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Going on a cycle ride? Here are my six top tips

Brian wearing his Diabetes UK top and standing with his bike

Brian was diagnosed with type 1 diabetes at the age of 50. After his nurse encouraged him to make changes to his lifestyle, he discovered a new-found love for cycling and hasn’t looked back. Here, he shares his top tips to help you make the most of your bike rides. 

When I first started cycling, it took me months to figure out how to prepare and what to take. While some people may be able to hop on their bikes and head off into the distance, I know I need to take each ride day by day. There were many times where I got things wrong and had to end my ride early. But now I’ve got a checklist that you can use to help you when cycling too! 

Tip number 1: Check the weather 

This is always a big factor for me, and I’ve often been caught out by not taking a few moments to check it before I head out. Will it be sunny, windy or rainy? And will it change while you’re out? 

Tip number 2: Check your blood glucose (sugar) levels 

Everyone living with diabetes manages their condition differently and knows what works best for them, but this is really important and key for my preparation as I can then work out what fuel I need for my ride. 

Tip number 3: Fuel your rides

Over the years, I’ve discovered that I can ride around 10 to 15 miles before I need some more energy, so I make sure to carry many types of food fuel for the journey. Peanut butter sandwiches and flapjack bars seem to work well for me, and if I’m doing an extra long ride I make sure that I’ve got lots to eat. I’ve found that having jelly beans or jelly babies and two bottles of isotonic sports drinks give me energy quickly if I’m worried about having a hypo, so I always keep them on me too.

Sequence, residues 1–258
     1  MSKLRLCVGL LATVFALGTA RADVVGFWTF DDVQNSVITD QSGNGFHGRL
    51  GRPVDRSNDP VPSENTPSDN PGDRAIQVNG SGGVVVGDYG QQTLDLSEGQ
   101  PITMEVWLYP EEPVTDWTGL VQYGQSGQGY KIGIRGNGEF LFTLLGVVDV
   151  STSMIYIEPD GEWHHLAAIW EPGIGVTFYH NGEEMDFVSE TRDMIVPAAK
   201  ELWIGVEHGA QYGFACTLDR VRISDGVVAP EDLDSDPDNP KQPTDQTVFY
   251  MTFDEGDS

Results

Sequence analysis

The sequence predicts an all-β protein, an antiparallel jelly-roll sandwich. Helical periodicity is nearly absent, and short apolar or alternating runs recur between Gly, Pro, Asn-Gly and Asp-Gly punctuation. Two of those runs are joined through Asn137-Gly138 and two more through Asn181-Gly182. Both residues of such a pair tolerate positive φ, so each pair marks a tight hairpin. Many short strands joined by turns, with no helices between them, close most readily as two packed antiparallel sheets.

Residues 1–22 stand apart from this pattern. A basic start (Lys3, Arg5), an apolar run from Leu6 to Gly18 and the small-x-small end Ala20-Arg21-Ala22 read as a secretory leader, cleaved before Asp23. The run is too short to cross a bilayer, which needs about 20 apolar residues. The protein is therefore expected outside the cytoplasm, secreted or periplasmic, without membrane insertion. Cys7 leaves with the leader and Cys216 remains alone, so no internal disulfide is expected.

Tip number 4: Make sure you have the right clothing 

I often feel the cold when cycling, even in the summer, and that not only affects what I wear but sometimes my blood sugar levels too. If I’m going cycling in the early morning or in the evening, I’ll always have a base layer and then add on top layers. I’ve also found that if you manage to keep your hands and feet warm, the rest of you should stay warm.

If I’m not sure which way the weather will go, I’ll carry a waterproof jacket and bottoms with me, and if I’m worried about the temperature I’ll make sure to have a soft shell jacket to keep me warm. 

Tip number 5: Preparing your equipment 

A cycling helmet is a must, and you can also get a waterproof cover for the top to keep the rain out. I also carry a small first-aid kit, some money in case I need to take public transport to get me and the bike home, and my diabetes med-kit too. You might also find it useful to have some tools with you to fix your bike if you encounter a puncture or a problem while you’re out! 

If Brian’s tips have left you feeling inspired to get out on your bike, why not register your interest for our next UK Wide Cycle Ride challenge and make every mile count for people affected by diabetes? 

Register now

The views and opinions expressed in the ‘views’ section of this website belong solely to the authors of each article. These views and opinions do not necessarily represent those of Diabetes UK as a charity or any of its staff members.

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